If my stuff was out of storage I would post a picture of us in our Otago Girls’ uniforms- black gym frocks, white panama hats, gloves, and badges of course. Little strips across the shoulder indicated what house we were in . Our hair had to be tied back in some fashion so mine was in stupid little pigtails. There was little social promotion in those days, humiliation was deemed to keep you from getting above yourself.

I don’t ever remember a glowing sunset like this over the school. I do however, remember Friday afternoon, double period Science with Miss Lamont who dictated for two hours in her nasty nasal voice. No wonder I was disruptive….

I got dumped from the top class that my friend was in along with a school report that had phrases like, “Susan is inattentive and disruptive in class”, “Susan spends too much time talking and not enough on attending to task” etc. which I know that those of you who know me will find hard to believe….little has changed unfortunately.

I did lose touch with my friend W after school but reconnected after a fairly incredible coincidence. I was flatting in Ealing in London and I was moving on. So Tony, the English chap who owned the flat put an ad in the Ealing local paper. I happened to be in the flat when the phone rang about the ad. Even though I had not spoken to W for around 8 years, I recognised her voice instantly. And so it was, she moved in to the flat and also became a friend of Tony’s and we have all remained in touch these last 35 years.

This isn’t the exact apartment but it was something like this, not an old typically London place but it was always warm. Why do we NZders have to be so Presbyterian and freeze in the winter?

So my old school friends are now turning 60 and that’s including me of course. It is hard to believe that my oldest friend is 60 next week and that we have known each other for 50 years. We go right back to competing to see who could insert a tampon first 🙂 and helping each other mend broken hearts and wearing bra frocks made by her Mum. Once we met some boys and went skinny dipping late at night in R’s Morris Minor. Unfortunately we lost the car keys in the sand and R taxied back home to sneak in for the spare set while I was left to fend off the two male gymnasts we had picked up. She was caught of course and we were suitably punished by being grounded the next day. So we went biking instead and got stopped by the police for failing to stop at a stop sign on our bikes. I spent all my summers at her place for many years. We deplored her Mum’s home made tomato sauce in favour of the Watties variety that was never purchased. Now how we long for that delicious homemade brew using all fresh ingredients. So many anecdotes and stories and fun with women I went to school with and am so glad I did.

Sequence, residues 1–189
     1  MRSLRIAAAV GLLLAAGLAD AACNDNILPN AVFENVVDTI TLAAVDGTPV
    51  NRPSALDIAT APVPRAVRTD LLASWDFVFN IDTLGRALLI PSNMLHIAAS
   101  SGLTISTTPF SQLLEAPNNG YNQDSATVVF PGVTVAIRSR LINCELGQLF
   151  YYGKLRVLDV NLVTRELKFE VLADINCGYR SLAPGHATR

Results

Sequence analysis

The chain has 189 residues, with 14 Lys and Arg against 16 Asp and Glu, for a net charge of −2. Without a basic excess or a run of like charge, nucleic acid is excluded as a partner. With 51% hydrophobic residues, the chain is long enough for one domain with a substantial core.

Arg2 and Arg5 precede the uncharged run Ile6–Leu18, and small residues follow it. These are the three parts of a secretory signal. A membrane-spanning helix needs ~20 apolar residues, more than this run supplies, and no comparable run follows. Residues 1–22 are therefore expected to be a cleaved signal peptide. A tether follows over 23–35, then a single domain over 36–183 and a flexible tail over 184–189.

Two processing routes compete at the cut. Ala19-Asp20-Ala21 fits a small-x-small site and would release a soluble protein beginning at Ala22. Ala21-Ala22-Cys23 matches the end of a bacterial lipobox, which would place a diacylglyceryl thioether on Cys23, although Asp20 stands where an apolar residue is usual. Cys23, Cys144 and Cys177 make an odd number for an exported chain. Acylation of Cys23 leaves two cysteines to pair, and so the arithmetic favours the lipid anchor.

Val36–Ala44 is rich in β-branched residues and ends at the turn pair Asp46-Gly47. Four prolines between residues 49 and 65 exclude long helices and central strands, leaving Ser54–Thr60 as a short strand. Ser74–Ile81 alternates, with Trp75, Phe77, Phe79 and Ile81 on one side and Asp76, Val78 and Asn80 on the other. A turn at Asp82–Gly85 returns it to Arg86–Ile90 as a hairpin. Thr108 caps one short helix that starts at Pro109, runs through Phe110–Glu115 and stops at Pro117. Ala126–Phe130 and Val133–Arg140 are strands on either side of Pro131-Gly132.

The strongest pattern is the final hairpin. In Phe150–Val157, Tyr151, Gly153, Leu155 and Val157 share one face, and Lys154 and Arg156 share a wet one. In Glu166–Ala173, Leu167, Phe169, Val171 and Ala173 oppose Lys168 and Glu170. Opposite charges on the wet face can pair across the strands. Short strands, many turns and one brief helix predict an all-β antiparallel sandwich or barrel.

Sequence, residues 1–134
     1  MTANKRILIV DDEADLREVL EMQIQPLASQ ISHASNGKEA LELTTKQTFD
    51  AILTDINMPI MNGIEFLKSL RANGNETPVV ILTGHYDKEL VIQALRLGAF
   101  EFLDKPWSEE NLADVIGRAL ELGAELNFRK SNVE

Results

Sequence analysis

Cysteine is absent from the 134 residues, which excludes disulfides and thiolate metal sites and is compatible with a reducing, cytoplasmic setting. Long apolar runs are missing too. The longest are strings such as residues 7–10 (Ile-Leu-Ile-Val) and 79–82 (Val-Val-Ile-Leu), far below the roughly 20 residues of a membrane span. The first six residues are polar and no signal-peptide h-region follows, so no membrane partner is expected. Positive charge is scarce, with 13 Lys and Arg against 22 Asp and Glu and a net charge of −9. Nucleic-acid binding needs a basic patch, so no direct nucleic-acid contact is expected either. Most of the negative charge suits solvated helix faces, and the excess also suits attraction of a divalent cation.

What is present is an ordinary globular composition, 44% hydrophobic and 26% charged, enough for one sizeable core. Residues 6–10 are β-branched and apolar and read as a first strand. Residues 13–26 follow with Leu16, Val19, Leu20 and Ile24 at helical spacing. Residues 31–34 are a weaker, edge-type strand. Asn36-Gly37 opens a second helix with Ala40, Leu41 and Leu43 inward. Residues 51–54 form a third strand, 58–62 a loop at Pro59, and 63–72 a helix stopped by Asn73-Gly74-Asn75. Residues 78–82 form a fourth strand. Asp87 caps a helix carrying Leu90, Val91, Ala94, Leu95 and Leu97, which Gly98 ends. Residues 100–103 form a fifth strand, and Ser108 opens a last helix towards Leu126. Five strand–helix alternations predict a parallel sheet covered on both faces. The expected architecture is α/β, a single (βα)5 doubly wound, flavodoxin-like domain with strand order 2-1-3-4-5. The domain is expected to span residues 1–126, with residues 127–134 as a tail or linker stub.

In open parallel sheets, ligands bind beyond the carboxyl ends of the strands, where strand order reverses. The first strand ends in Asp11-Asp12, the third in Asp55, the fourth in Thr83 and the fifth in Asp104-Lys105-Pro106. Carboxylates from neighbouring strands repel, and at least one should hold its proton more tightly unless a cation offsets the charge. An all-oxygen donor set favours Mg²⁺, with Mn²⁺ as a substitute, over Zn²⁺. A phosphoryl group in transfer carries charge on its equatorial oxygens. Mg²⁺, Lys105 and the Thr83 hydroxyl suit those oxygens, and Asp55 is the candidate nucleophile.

R’s dad taught us to drive and we both had MMs for many years. I remember so fondly the ticking sound when you turned the key as the fuel pump warmed up and accomplishing the double declutch, a skill no young person would have today!

D asked me this morning what my plans were. How fantastic, my day is going something like this:

  1. Delicious breakfast with S of avocado and tomato on toast and a leisurely cup of tea.

2. Mindfulness meditation on loving kindness, especially for oneself! Great, that justifies a totally indulgent day. Try it you will feel good all day.

3. Writing this blog post and reminiscing in my mind about the past.

4. Oh dear, I just have to read all the Home magazines I got from the library as they are due back today- what a chore, not!

5. Making some soup from the left overs and a salad for dinner

6 Listeing to a bit of Big Magic that I downloaded as an audio book from the library. It is by Elizabeth Gilbert who wrote Eat, Pray, Love which I though was bollocks. But then I heard an interview with her by Kim Hill and thought Kim would make mince meat of her. Quite the reverse happened, Elizabeth spoke with dignity and respect and I came to admire how she handled the interview. I went on to read her second novel, The Signature of All Things and really enjoyed it. It was very different for the first and not at all autobiographical.

Elizabeth Gilbert’s first novel in twelve years is an extraordinary story of botany, exploration and desire, spanning across much of the 19th century. The novel follows the fortunes of the brilliant Alma Whittaker (daughter of a bold and charismatic botanical explorer) as she comes into her own within the world of plants and science. As Alma’s careful studies of moss take her deeper into the mysteries of evolution, the man she loves draws her in the opposite direction—into the realm of the spiritual, the divine and the magical. Alma is a clear-minded scientist; Ambrose is a Utopian artist. But what unites this couple is a shared passion for knowing—a desperate need to understand the workings of this world, and the mechanism behind of all life.